1915 Amherst College Swim Team, as shown in the Amherst College Olio
1915 Amherst swim team, as shown in the Amherst College Olio yearbook. Read more about Amherst College in the Money College Planner.Archives & Special Collections at Amherst College
1915 Amherst College Swim Team, as shown in the Amherst College Olio
Bowdoin College student room, 1916
1915 Bucknell University Baseball Team
Reading Room, Colgate University, Hamilton, New York, 1915
Harvard University football player Captain Robert Treat Paine Storer (1893-1963), September 18, 1913
Massachusetts Institute of Technology, Boston, Massachusetts, between 1900 and 1920
View of New York University building from Washington Square arch, ca. 1912
Aerial view of Northwestern University, c. 1907
View of Arch "A", Oberlin, Ohio, May 25, 1909.
Women's Clubhouse at Stanford University, 1915
The Glee and Mandolin Club at the University of Georgia, as shown in the 1915 Pandora Yearbook.
Members of the 1913 University of Pennsylvania's varsity four-oared crew team at Poughkeepsie, New York, for an intercollegiate regatta.
Class in soil fertility inspecting sweet clover in University of Illinois, experiment field, near Odin, Marion County, Dec. 31, 1917.
A group of female archers with targets participating in a physical education class at Univeristy of Wisconsin-Madison, 1915.
Football practice at Yale University between ca. 1908 and 1915
1915 Amherst swim team, as shown in the Amherst College Olio yearbook. Read more about Amherst College in the Money Coll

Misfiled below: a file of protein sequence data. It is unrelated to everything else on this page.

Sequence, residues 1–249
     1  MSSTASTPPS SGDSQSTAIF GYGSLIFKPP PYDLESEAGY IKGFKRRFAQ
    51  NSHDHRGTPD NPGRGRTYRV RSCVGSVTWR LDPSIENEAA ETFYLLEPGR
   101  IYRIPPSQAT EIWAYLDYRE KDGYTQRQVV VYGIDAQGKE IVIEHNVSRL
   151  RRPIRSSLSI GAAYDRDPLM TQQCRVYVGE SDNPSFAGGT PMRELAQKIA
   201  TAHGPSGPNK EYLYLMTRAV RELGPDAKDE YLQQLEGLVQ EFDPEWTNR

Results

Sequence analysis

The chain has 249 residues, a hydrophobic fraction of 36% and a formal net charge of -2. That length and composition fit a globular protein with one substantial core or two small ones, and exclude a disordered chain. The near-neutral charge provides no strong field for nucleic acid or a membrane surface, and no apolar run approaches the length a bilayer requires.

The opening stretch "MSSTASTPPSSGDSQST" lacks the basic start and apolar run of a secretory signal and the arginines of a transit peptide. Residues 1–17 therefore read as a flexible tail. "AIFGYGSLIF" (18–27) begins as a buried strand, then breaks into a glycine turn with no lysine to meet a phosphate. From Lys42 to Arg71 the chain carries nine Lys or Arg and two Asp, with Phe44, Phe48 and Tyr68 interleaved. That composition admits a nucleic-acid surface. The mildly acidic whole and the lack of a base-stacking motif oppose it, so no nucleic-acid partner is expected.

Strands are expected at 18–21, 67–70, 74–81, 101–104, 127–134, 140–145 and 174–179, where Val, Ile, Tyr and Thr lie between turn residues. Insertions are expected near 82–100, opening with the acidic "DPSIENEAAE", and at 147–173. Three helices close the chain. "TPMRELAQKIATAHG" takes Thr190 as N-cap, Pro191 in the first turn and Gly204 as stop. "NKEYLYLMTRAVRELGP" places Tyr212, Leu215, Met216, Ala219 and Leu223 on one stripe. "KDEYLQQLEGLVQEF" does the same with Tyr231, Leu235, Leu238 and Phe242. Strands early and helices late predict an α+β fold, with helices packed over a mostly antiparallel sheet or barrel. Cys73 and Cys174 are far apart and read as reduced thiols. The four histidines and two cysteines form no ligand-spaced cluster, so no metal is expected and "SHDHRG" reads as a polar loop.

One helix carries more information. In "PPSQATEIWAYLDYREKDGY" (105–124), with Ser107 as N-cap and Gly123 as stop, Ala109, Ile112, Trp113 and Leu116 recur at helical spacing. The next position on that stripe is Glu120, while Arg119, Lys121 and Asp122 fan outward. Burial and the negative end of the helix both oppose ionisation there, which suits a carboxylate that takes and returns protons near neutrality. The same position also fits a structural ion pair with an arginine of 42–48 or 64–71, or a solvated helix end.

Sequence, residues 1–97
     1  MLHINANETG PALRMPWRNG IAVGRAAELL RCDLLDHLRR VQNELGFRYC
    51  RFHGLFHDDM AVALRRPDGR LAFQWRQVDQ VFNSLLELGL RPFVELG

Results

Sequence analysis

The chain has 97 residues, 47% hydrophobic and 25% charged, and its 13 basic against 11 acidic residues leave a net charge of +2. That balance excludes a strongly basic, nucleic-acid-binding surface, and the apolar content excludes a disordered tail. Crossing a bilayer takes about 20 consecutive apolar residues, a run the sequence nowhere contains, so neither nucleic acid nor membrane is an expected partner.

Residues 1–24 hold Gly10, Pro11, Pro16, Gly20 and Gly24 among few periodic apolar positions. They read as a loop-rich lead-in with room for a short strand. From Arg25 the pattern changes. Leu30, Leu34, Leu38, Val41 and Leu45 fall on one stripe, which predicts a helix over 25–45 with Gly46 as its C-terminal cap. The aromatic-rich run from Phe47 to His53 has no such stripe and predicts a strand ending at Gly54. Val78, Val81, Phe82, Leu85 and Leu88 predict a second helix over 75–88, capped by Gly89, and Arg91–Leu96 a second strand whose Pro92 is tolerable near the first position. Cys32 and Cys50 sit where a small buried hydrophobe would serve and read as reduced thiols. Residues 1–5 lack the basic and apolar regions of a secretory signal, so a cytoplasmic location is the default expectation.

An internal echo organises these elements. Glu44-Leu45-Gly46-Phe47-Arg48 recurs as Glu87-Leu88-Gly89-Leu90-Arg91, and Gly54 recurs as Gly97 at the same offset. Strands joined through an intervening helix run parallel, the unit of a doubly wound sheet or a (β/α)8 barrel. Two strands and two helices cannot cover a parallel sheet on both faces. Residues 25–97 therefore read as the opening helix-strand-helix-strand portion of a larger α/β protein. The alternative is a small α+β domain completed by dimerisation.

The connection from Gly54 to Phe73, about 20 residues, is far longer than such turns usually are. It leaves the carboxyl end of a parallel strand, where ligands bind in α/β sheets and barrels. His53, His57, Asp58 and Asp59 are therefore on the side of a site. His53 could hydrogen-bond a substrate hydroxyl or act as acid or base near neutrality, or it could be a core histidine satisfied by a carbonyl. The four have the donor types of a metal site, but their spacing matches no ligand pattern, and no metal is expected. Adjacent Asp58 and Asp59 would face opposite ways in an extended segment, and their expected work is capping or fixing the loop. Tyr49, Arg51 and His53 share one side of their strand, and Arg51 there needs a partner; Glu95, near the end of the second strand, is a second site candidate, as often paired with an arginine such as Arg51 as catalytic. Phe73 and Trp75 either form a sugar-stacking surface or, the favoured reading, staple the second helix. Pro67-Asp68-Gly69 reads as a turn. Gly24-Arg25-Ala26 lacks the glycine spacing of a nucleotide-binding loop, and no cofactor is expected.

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Archives & Special Collections at Amherst College
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What College Cost 100 Years Ago

A century ago, you could buy a first-class postage stamp for 2¢, a gallon of gas for 15¢, and a dozen eggs for 34¢. If those sound like bargains, consider this: A year’s tuition at Harvard would have run you just $150, while Stanford and many state universities charged nothing at all.

In this time of growing concern about college costs, we decided to take a look back, to 1915, and compare what college cost then to what it does today.

Here’s what 15 well-known colleges charged for tuition in 1915, according to a contemporary report from the Carnegie Foundation for the Advancement of Teaching and other sources, as well as what they cost now. We’ve also noted what those 1915 costs would be in today’s dollars had tuition gone up at the same pace as consumer prices in general, according to the Bureau of Labor Statistics CPI Inflation Calculator.

The difference is instructive to say the least: a 2,263% rise in the consumer price index over the past 100 years, but a staggering increase of 42,930%, on average, in tuition costs.

Of course, the current tuition costs we quote are sticker prices that not every family pays, although that was true to some extent in 1915 as well.

For more advice on paying for college, and to create a customizable list of colleges based on criteria such as size, selectivity, and affordability, visit the new MONEY College Planner.

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